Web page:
U.S. PENALTY TARIFFS AVERTED

13 dec 2019

The U.S. and China have agreed on a “Phase One” deal and averted U.S. penalty tariffs due to take effect on December 15.

China has agreed to buy $32 billion in additional agricultural goods over the next two years from a baseline of $24 billion purchased in 2017. China will also increase its purchase of manufactured goods and energy products.

While the U.S. has agreed not to invoke the December 15 penalty tariffs, President Donald Trump said it would leave 25 percent tariffs on $250 billion of imports and cut tariffs on another $120 billion to 7.5 percent.

Meanwhile China says the world’s two largest economies must deal with bilateral economic and trade relations with the big picture in mind. A report in China Daily says: “Implementation of the agreement will help enhance intellectual property rights protection, improve the business environment, expand market access, better safeguard the legitimate rights and interests of all companies including foreign firms in China, and protect the legitimate rights and interests of Chinese firms in their economic and trade activities with the United States.”

The Energy Trade

The U.S.-China trade war has impacted the American natural gas and oil industry through U.S. tariffs on imports of industrial components from China as well as Chinese retaliation on U.S. energy exports.

“Although we are awaiting further details, we are encouraged by the progress made between the U.S. and China,” said Dr. Aaron Padilla, API senior advisor for international policy at the American Petroleum Institute (API). “The trade war has dragged on for far too long, limiting America’s energy potential and hurting U.S. consumers, farmers and manufacturers. De-escalation is a positive step forward, but we urge both countries to continue working toward a final agreement that completely lifts tariffs on both sides and fully restores U.S. energy export growth opportunities in China, one of our most important global export markets.”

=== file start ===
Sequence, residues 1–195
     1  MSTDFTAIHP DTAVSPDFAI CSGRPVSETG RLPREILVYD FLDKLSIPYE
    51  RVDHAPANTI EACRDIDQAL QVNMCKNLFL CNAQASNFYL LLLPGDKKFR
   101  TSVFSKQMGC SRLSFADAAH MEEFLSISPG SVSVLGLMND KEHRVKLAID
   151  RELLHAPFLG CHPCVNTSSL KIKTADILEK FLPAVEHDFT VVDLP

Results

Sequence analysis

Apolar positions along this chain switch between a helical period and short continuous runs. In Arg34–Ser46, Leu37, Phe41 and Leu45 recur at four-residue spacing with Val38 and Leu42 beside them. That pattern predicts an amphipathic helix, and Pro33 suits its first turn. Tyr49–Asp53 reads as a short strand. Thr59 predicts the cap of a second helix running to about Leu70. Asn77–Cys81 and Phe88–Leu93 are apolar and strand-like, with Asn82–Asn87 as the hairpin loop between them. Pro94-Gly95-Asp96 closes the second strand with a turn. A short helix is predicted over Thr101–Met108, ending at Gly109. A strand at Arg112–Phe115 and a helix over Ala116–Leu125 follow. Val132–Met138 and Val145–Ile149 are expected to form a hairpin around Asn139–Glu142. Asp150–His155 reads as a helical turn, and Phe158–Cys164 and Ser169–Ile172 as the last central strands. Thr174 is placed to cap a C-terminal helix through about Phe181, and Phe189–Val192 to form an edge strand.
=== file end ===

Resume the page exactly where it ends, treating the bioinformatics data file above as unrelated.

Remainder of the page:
Padilla says te U.S. and China are a natural marketplace match when it comes to energy trade, with the growing U.S. natural gas and oil export capacity able to meet growing energy demand from China. However, since the beginning of the trade war in July of 2018, exports of U.S. natural gas, oil, and refined products to China began to rapidly decline due to retaliatory tariffs.

Ports Welcome Deal

U.S. West Coast port authorities have called repeatedly for an end to the trade war.

“We’re hopeful that this is the beginning of the end to damaging trade restrictions,” said Port of Oakland Executive Director Danny Wan.  “It’s a good sign for our shipping customers, but let’s see how it plays out. There’ll be more work ahead to get global trade flowing freely again.”

The port is considered one of the principal gateways to Asia for U.S. agricultural goods. It reported record cargo volume in 2018, despite tariffs imposed by both China and the U.S. However, its total cargo volume through the first 11 months of 2019 is down 0.8 percent.

The National Retail Federation (NRF) has also welcomed the news. “For the first time in months, the United States and China are moving in the right direction on tariffs, and we congratulate negotiators from both sides for the progress they have made,” NRF Senior Vice President for Government Relations David French said. “Tariffs create uncertainty and costs for American retail supply chains, and the trade war won’t be over until they are eliminated completely. We agree that we need to realign our relationship with China, but tariffs that harm American businesses, workers and consumers are not the answer and cannot be allowed to continue.”

 

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